‘I was not rude to the ball boy’: Spanish star Fernando Verdasco defends himself over towel row in China
- The Spaniard was filmed aggressively gesticulating at a ball boy to hurry up
- Incident occurred during a match at last month’s Shenzhen Open in China
- The footage went viral on social media and saw the 34-year-old criticised
Fernando Verdasco found himself cast as public enemy No 1 on social media after a clip of him berating a ball boy during the recent Shenzhen Open went viral.
The Spanish left-hander, who had gestured frantically to be given his towel from the back of the court, was cited as the prime example of how players mistreat children whose main purpose is to pick up and feed the balls.
It has become a hot topic to the extent that next week’s Under 21 ATP ‘NextGen’ finals in Milan will experiment with having towel rails at the back of the court.
Fernando Verdasco was criticised by players, officials and pundits following the towel row
Verdasco was filmed aggressively gesticulating at a ball boy at the Shenzhen Open last month
Verdasco ([email protected] ) pic.twitter.com/cVTHMIDrBR
But speaking for the first time about the incident, Verdasco has not only defended himself but also criticised the idea of making players fetch their own towels to wipe down sweat between points.
‘Through history all players do things like that,’ said Verdasco, whose hair trigger temper was on show at the Rolex Paris Masters on Wednesday when he received a warning for an audible obscenity against a line judge.
‘Obviously I didn’t mean to be like that,’ he said of the ball boy episode. ‘But I think with social media there are certain people who sometimes speak too much. I received many messages telling me to apologise – it looks like I did something really wrong to the guy, when it was my way of telling him was that we have 24 seconds (between points).
The footage of the incident went viral on social media and saw Verdasco heavily criticised
‘It was superhumid and the kid was obviously not understanding English when I was asking for a towel. When you finish the point at the net, what you cannot do is go running every point to get your towel if you only have twenty seconds rest after a long rally.
‘Of course I understand, and I apologise to all the people who took it so wrong, but it never was my intention to be rude, I just wanted to tell him to be ready to help me, be a little bit faster.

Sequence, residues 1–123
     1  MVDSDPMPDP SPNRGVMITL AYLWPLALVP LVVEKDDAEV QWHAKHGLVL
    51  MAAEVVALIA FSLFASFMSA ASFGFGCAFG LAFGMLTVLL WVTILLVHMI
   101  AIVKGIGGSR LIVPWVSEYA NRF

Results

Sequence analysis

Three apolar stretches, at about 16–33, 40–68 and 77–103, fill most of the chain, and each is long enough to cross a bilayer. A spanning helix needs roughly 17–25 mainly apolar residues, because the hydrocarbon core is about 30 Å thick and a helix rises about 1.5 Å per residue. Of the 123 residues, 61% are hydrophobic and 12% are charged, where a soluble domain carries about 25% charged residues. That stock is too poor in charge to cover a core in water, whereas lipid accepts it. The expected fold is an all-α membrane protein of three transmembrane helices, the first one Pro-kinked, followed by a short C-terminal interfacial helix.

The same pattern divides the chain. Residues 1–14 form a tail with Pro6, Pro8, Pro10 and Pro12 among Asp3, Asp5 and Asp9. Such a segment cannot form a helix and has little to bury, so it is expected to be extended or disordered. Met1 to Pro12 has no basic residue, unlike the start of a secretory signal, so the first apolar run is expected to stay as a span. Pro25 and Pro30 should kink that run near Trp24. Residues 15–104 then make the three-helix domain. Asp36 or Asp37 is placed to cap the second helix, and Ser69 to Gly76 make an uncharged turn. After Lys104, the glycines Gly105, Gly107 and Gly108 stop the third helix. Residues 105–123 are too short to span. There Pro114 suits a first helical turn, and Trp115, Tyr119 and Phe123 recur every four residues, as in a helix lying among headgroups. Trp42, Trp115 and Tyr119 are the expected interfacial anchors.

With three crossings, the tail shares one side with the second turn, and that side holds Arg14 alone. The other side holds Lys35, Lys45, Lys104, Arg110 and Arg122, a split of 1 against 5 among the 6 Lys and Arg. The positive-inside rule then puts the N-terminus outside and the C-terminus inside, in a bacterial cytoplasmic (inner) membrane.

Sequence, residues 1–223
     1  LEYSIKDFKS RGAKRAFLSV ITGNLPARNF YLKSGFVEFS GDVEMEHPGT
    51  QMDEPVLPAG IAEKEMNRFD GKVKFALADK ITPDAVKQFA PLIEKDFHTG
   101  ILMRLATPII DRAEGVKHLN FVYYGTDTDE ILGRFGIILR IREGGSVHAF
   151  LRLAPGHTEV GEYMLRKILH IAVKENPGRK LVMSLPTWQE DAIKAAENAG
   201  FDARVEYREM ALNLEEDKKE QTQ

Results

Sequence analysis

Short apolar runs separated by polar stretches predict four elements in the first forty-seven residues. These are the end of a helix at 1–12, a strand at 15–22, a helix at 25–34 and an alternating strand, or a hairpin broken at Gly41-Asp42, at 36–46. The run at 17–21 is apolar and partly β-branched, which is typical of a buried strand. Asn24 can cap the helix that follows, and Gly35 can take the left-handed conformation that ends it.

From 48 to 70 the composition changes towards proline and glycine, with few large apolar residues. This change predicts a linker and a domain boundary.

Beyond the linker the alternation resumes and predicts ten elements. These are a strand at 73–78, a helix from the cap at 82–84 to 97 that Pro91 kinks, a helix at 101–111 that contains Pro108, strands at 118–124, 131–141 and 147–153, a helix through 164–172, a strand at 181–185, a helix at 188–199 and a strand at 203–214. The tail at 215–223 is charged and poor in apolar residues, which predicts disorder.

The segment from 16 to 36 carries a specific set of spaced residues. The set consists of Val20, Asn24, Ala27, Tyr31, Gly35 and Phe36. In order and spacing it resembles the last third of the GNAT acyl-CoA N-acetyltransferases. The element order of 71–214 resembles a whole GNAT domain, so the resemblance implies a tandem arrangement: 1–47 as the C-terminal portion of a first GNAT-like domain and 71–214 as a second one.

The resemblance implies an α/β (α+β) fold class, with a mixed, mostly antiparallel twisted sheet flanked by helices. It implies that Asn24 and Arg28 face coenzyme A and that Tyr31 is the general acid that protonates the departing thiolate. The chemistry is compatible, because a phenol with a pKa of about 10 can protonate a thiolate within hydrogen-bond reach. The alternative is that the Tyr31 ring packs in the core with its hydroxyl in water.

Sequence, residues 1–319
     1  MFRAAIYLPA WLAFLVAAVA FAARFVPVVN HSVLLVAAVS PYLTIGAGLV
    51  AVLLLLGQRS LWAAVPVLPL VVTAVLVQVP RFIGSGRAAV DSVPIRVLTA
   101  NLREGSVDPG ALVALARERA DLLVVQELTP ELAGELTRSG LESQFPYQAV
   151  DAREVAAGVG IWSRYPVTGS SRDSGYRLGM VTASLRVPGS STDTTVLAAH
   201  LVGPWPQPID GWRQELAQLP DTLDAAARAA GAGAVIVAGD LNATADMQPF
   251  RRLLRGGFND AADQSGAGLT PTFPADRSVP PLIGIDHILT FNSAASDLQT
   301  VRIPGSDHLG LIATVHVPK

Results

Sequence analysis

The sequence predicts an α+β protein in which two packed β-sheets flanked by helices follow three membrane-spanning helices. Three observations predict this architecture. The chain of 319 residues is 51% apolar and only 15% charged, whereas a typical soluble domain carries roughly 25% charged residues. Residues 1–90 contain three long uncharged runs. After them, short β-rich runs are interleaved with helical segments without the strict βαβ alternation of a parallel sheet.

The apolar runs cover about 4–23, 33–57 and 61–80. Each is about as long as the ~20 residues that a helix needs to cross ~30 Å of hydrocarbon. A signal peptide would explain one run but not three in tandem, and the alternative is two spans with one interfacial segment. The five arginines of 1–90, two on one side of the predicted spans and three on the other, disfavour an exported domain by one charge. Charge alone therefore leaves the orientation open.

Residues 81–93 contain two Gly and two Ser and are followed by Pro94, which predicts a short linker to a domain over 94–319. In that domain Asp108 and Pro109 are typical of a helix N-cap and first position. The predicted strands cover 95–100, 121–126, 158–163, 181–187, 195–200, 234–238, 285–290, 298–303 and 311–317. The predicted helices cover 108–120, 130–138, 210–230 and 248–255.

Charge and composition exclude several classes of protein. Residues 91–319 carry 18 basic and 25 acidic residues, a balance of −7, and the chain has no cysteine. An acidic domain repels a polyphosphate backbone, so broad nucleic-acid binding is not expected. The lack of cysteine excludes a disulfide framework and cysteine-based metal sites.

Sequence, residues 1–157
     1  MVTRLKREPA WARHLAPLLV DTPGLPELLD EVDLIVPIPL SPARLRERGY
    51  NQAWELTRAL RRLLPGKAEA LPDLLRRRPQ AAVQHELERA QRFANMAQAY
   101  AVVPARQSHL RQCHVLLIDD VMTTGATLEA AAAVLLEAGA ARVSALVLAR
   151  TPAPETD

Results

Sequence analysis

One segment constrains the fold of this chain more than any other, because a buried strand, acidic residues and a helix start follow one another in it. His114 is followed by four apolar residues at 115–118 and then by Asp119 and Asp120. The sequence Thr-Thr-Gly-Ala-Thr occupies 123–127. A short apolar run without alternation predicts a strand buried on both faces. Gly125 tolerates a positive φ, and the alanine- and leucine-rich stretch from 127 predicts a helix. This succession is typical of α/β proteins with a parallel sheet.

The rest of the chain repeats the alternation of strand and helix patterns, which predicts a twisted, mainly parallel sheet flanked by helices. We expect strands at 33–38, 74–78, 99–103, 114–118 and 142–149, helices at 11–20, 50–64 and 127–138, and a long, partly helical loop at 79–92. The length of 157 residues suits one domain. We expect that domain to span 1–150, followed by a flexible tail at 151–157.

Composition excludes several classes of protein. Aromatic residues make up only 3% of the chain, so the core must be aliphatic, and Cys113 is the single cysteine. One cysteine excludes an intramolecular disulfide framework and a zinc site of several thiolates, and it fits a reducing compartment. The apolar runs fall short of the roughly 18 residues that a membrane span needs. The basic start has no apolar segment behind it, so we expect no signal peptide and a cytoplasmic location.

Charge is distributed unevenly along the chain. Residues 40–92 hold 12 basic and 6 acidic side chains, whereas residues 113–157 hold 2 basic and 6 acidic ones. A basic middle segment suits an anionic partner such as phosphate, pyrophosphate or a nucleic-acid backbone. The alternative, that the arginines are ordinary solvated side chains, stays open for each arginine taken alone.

‘It looked like I hit the ball boy, I punch him in the face or I tell him something so rude, but I was just talking fast. Obviously my reaction with the arms was the thing that looked so bad but it was never my intention to be rude or disrespectful.
Tennis players’ treatment of ball kids has been thrust into the spotlight
‘I love ball boys, I always tell them thank you when they help me over fifteen years of my career and maybe one time when I did a bad gesture everyone was killing me.’
In more recent weeks the matter has come into further focus through incidents involving Stefanos Tsitsipas angrily wrenching a new racket away from the hands of a ballkid, and Aryna Sabalenka dropping a water bottle to the floor for it to be picked up. In the past Novak Djokovic has been among high profile offenders.
That is why the ATP Tour are trialling the towel rail as one of the various innovations next week. However, Verdasco does not think it will prove satisfactory.
‘I think that the ball boys are on the court to try to help the players. Taking out the ball boys to give you the towel or give you the balls is something that is ridiculous, I think that they are happy to help,’ he said.
‘Obviously the player is the one who has the pressure sometimes and maybe they have bad reactions, but I am sure that any of the players, men’s and women’s, when we have a bad reaction with the ball boy, it’s never with a bad intention, it’s just because we have a lot of pressure, we have only 24 or 25 seconds.
‘Sometimes I get warnings because I am not ready when I go to get the towel really fast to take my sweat off because it’s really humid conditions, like it was at US Open or Shenzhen, and you need someone to help you to get your sweat off. I think that they are happy to help, and we are so happy that they help us, so I think that taking this away is something very bad.’
Source: Read Full Article